But, our conversation did raise some thoughts for me as I gathered with my Worshiping Body today. Today was a day of cohesion and unity, where we opened our lips and declared God's praise in unity and harmony. We Marched to Zion together with even steps, and accepted our comission to serve the world as we exited the door. As I exited, I felt like it was possible that my ministry has finally taken shape. I'm not sure if its credibility or authority or acceptance or just a lot of new people who don't know any better, but I feel a little more sure of myself and a little less like I'm walking into a job that I can't possibly do. This is a sure sign that I'm overlooking something epic, like WRITING A SERMON FOR NEXT SUNDAY, but all things in due time.

This afternoon, I had the supreme pleasure of being present for the baptism of baby Joy, who is the daughter of two Methodist Clergy friends of mine. Since they both serve churches in the Atlanta area, they wisely decided to do the baptism at Cannon Chapel at Candler School of Theology. This place holds special significance for them since, not only did they both go to school there, but they were also married there. Friends, family, congregants, and more Methodist ministers than you could shake a Bible at were present to support this family as we all promised to raise this baby girl up in the ways of Christ. Rev. Jim Cantrell, who is one of God's finest people, preached and pointed out that one day, as she grew older and began to go to school, make friends, want to sleep over, and (Heaven help us all) begin to date, that her parents would look back on this day when we affirmed that in her baptism, she is never alone. As he spoke, you could see the reflection of his own daughter, now a young woman, present in his eyes. I knew her as a young girl, and it was as if Jim was remembering his own daughter's baptism and reconnecting to the power and promise available in the mystery of this sacrament.

As he preached, a peer of baby Joy's shrieked with delight as punctuation to his proclamation. He cooed and whooped with the enthusiasm of a Pentecostal, reminding us all why we simultaneously love having babies around and also relish the convenience of nursery care. We lifted our voices and sang about the promise that God offers in our baptism, and affirmed that we are all God's children. Baby Joy's grandfather performed the baptism, and his voice cracked as he poured the water on her head and whispered, "Joy, I baptize you in the name of the Father, the Son and the Holy Spirit." All of us choked back tears of reverence and awe as we watched these generations of faithful people do what faithful people have been doing for generations.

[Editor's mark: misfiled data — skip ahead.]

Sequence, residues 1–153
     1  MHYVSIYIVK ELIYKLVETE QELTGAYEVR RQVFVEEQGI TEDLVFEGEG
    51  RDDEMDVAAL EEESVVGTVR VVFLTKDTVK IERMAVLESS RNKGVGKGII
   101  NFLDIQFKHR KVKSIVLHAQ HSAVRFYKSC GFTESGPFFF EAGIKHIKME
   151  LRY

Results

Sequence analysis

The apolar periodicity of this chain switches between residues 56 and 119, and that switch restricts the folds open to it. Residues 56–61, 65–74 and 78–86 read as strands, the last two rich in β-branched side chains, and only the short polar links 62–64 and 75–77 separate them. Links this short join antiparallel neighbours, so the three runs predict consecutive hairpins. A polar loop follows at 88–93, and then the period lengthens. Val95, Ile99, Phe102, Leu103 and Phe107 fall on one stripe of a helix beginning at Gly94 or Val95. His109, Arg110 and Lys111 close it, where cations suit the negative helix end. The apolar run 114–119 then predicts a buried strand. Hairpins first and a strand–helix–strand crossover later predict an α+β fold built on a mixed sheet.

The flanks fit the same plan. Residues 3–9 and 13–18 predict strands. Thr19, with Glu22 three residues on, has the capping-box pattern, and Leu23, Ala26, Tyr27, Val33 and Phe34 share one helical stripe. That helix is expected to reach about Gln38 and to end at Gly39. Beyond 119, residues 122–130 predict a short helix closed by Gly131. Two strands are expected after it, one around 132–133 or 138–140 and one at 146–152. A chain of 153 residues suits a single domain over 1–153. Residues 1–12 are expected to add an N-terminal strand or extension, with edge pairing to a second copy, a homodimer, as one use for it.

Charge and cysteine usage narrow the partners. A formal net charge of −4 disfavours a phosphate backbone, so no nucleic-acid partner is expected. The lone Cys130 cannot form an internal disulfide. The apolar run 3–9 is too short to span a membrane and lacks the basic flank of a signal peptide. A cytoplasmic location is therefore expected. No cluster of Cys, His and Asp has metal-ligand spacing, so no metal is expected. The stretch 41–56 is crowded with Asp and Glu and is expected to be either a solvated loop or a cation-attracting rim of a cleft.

After the baptism, I met my family at Winnona Park just in time for the 4:00 neighborhood pick up soccer game. Dozens of people, ages 4-64 gathered to play for the better part of two hours. I think each team had 30 people on it, and most of the time they all ran in the same direction. It was remarkable. Cooper, being a tad on the young side, ran around the sidelines, kicking a deflated soccer ball with noticeable skill and agility. It piqued the attention of another mom, who is now a new friend. Other families and children gathered to play on the playground, and Jackson and I invented a game called "Camera Tag," which may be my best idea to date. It involved Jackson running, hiding, and then being caught by the camera. Not only did it save me from having to run around, but I also got some great pictures of him in the midst of afternoon exuberance. To sum it up, the day looked like this:

Today was a day where the body worshiped in its fullness. Bodies met, engaged in proclamation and praise, lifting voices and wrestling out theological specifics of what it means to be a member of this faithful community. Arms embraced one another in care and compassion, and hands lifted up a young one as she was marked with the sign of the cross and blessed by water and the spirit. Feet trod onto streets and into the world, and ran on soft grass and hard earth, carrying the message of the beloved Son wherever we may go.

In all of this, may God be praised.

Wednesday, February 11, 2009

An Open Letter to Cancer

Dear Cancer:

You suck.

I want you to know how much I hate you. I know that this won't exactly get you on board at the get-go, but I've got some things to say to you, and you're going to listen.